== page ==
Keith Donnellan, professor emeritus in the philosophy department at UCLA, has died. Donnellan was known for his work in philosophy of language, particularly on definite descriptors. I will post links to obituaries as they appear.
“I am about to be involved in organizing an online conference and I am interested in how the group mind of philosophy thinks about it,” writes a regular Daily Nous reader in an email. Reasons to make your conference an online conference? Reasons not to? Reports on how they’ve gone from both organizer and participant points of view? Technical suggestions? Organizing ..
It seems to me we need some clarification of the idea of academic freedom, so I am throwing out these thoughts, rather tentatively, to get the ball rolling. I welcome discussion on this, though keep in mind this is a blog post and not an academic paper. Links to helpful resources as well as discussions elsewhere are also welcome. Ok, so here goes:
Alison Gopnik (Berkeley) has written a piece for the Wall Street Journal about the study by Sarah Jane Leslie et al that we discussed last month on innate or “raw intellectual talent” and academia’s gender and race gaps. In her article, she writes, “From a scientific perspective, the very idea that something as complicated as philosophical success is the result of “..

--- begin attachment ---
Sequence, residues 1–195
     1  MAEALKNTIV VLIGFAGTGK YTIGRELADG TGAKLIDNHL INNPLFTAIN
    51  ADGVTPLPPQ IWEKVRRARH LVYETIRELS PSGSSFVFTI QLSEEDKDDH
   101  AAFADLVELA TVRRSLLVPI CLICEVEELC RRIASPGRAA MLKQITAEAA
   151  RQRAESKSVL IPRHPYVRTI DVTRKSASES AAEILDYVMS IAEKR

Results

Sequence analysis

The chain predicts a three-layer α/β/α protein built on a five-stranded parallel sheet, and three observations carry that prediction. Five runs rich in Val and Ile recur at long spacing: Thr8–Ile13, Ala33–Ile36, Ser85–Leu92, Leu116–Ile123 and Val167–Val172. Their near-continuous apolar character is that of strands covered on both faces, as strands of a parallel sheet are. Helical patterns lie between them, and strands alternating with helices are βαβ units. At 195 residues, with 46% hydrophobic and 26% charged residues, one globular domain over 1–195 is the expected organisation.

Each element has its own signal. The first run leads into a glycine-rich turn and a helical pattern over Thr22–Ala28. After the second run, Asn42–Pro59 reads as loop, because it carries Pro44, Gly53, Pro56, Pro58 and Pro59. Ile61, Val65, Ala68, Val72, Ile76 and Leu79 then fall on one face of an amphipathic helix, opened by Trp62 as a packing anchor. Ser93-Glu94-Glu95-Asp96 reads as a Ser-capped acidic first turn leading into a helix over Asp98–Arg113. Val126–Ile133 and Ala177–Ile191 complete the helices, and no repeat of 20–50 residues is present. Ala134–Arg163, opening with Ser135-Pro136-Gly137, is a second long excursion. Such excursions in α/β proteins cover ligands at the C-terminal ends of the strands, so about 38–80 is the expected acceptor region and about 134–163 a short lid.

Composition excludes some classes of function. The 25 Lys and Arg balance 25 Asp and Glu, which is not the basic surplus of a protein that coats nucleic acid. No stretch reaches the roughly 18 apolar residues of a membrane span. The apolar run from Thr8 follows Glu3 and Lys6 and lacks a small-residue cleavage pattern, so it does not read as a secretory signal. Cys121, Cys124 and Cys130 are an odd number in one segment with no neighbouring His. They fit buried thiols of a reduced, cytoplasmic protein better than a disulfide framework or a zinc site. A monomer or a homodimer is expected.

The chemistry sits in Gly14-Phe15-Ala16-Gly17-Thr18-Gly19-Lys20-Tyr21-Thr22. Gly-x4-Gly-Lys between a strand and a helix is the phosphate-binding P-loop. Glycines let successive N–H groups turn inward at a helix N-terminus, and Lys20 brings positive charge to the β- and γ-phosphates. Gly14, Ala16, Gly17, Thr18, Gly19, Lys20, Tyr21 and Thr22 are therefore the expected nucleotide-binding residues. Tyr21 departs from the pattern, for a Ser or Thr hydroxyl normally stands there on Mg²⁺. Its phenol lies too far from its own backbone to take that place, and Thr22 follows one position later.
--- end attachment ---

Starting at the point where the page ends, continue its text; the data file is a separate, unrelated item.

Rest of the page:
I’ve received a couple of inquiries as to whether I’ll be hosting a thread for people to post hires, and the answer is no. Instead, please post your hiring news at the Appointments in Philosophy page at PhilJobs.
For the second installment of our Hobbies of Philosophers series, I talked with Meg Wallace (Kentucky). Meg works on metaphysics and philosophy of language, and her philosophy is super bad-ass. But today we are talking about her other life as an equally bad-ass aerialist. I spoke with Meg about what aerialism is all about, how she got involved with it, and how she c..
Making the rounds yesterday was the dress. Take a look, and figure out which two colors it is:
Some people see the dress as white and gold, others see it as blue and black. Which do you see it as?
A graduate student writes in asking for suggestions of “careers that might be especially ‘philosophy friendly’. By that I mean careers that either have employers who typically value the skills developed and areas of research explored in the study of philosophy or allow someone who studied philosophy to do something semi-related they might enjoy.”
He adds, “I’m th..
Adjuncts sometimes say they make up higher education’s invisible class. So an idea pitched on social media a few months ago struck a chord: What would happen if adjuncts across the country turned that invisibility on its head by all walking out on the same day? National Adjunct Walkout Day, proposed for Feb. 25, immediately gained support, and adjuncts continue to u..
Cheryl Abbate, the former Marquette University philosophy graduate student who had become the target of a smear campaign by associate professor of political science John McAdams, has responded to some of the claims being made in various articles since it was announced that Marquette is seeking to fire McAdams. She writes:
It should be noted that there are a numb..